pretty please
March 14, 2014

The life of an internet meme: First we were supposed to swoon over a video of 20 complete strangers sharing a first kiss, then we were supposed to be outraged that the "beautiful" lip-locking of "strangers" — all paid models and musicians — was really part of a viral clothing ad. Then came the parodies. Now, Jimmy Fallon has squared the circle, bringing the whole short-lived internet sensation to its logical internet conclusion. Is it goofy? Of course. Dumb? Maybe. But, as with most things involving puppies and kittens on the internet, it's also kind of adorable. Please let this be the last word on "First Kiss." --Peter Weber

Late Night Antics
12:59 a.m. ET

"You're looking at me so disappointed, Alex," Jimmy Fallon told Jeopardy! host Alex Trebek, after shoving him in a phone booth with NBA giant Shaquille O'Neal on Monday's Late Night. "You're looking at me, like, 'This is a game show?'" It is, called "Phone Booth," and it's probably a lot more fun to watch than play. Now, you'd think having Trebek in your booth would be a big plus — and it was — but it didn't save the Shaq booth from losing a round over the Spice Girls. Fitting O'Neal in the phone booth by himself was enough of a stretch, and by the end things got a little silly. Watch below, and feel a special pang of sympathy for Blacklist star Megan Boone. Peter Weber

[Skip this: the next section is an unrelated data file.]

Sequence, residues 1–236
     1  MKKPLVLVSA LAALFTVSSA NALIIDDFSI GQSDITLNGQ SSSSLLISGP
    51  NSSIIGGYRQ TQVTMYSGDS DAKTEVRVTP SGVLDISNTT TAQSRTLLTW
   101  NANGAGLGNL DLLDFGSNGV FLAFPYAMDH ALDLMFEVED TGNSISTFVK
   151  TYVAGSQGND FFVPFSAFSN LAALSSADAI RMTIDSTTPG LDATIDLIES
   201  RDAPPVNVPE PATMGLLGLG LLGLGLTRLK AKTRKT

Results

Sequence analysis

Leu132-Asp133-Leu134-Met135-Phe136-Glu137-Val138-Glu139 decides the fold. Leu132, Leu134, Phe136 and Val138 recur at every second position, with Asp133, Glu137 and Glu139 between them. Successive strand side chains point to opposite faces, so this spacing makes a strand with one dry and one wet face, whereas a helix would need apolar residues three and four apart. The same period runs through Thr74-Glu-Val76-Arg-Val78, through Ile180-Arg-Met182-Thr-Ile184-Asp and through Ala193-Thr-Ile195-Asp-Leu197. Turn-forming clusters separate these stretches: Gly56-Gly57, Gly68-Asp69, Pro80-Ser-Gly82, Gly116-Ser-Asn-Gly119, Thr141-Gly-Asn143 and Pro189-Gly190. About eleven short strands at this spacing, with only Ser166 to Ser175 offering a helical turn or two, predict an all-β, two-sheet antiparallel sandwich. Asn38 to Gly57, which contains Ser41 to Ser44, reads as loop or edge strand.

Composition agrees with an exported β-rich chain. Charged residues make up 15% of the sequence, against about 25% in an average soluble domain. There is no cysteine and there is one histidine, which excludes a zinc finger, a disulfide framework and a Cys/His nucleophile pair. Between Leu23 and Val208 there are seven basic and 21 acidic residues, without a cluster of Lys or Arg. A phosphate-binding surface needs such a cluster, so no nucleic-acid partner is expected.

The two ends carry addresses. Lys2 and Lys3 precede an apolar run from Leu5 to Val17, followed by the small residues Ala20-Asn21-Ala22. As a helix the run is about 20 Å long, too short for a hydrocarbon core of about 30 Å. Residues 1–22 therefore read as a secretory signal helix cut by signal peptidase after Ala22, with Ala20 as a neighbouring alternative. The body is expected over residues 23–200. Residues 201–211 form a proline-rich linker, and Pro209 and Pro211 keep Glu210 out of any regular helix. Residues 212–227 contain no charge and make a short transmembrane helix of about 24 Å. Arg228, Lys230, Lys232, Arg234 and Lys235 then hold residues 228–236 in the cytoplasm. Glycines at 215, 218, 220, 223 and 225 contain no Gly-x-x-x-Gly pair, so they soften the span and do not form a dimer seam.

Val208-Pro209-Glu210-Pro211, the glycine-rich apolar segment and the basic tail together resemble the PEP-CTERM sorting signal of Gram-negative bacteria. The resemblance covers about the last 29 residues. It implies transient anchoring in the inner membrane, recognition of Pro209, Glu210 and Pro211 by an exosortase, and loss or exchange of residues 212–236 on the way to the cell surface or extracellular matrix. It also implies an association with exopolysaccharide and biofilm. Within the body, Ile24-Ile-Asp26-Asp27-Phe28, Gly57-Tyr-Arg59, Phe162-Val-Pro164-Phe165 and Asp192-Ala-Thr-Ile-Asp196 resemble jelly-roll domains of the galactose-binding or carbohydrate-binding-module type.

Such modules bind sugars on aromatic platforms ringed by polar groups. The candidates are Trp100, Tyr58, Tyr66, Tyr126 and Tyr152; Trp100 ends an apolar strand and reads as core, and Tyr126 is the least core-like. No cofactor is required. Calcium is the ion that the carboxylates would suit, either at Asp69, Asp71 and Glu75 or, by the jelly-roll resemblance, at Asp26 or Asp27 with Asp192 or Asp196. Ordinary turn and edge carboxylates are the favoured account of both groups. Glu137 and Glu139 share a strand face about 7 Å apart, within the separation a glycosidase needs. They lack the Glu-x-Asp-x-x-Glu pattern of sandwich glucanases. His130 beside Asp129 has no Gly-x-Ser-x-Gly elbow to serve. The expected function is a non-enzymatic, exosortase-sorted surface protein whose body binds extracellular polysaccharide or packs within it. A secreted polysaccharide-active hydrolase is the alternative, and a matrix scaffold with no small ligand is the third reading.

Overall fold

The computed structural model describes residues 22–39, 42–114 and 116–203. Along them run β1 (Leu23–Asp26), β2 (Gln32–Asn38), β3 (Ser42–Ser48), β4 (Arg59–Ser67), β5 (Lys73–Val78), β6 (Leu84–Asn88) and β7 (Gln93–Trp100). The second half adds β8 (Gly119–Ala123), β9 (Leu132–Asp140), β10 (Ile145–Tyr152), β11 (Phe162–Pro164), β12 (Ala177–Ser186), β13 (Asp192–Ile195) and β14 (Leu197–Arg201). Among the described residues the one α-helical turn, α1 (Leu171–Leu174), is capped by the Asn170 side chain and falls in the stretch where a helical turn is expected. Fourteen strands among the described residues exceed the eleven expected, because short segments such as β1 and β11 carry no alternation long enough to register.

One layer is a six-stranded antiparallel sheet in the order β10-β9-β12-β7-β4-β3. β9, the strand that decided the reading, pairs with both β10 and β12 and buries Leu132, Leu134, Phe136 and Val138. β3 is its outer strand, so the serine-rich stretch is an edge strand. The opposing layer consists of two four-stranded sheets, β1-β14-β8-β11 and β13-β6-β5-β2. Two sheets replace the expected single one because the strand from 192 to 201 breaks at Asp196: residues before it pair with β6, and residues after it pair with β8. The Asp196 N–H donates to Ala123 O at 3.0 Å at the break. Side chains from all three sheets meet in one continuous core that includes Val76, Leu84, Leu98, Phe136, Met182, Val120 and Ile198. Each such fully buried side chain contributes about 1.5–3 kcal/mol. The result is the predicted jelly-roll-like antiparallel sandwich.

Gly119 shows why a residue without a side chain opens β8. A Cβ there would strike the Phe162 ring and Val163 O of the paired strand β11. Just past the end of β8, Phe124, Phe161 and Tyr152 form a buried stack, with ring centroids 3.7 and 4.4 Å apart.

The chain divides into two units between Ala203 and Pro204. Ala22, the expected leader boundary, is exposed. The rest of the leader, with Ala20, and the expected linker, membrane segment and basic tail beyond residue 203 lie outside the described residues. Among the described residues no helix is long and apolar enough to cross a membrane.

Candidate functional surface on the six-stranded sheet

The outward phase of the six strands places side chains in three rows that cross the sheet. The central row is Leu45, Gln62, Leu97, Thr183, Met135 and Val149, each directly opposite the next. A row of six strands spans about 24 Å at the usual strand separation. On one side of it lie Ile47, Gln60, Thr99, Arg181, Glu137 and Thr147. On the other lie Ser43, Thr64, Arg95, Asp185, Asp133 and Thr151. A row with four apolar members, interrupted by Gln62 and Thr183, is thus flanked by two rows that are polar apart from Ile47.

hollywood 411
12:26 a.m. ET

Goodbye River Heights, hello New York City: CBS is developing a new series on everyone's favorite titian-haired girl detective, except now Nancy Drew is in her 30s and working for the NYPD.

Grey's Anatomy writers and executive producers Tony Phelan and Joan Rater, with Dan Jinks, are working on the show, Entertainment Weekly reports, describing it as a "contemporary take on the character from the iconic book series." In her role as an NYPD detective, Nancy "investigates and solves crimes using her uncanny observational skills, all while navigating the complexities of life in a modern world." If the show gets picked up, it won't be Nancy's first time on the small screen — ABC aired The Hardy Boys/Nancy Drew Mysteries in the late 1970s, and a 2002 made-for-TV movie about the girl detective starred Maggie Lawson.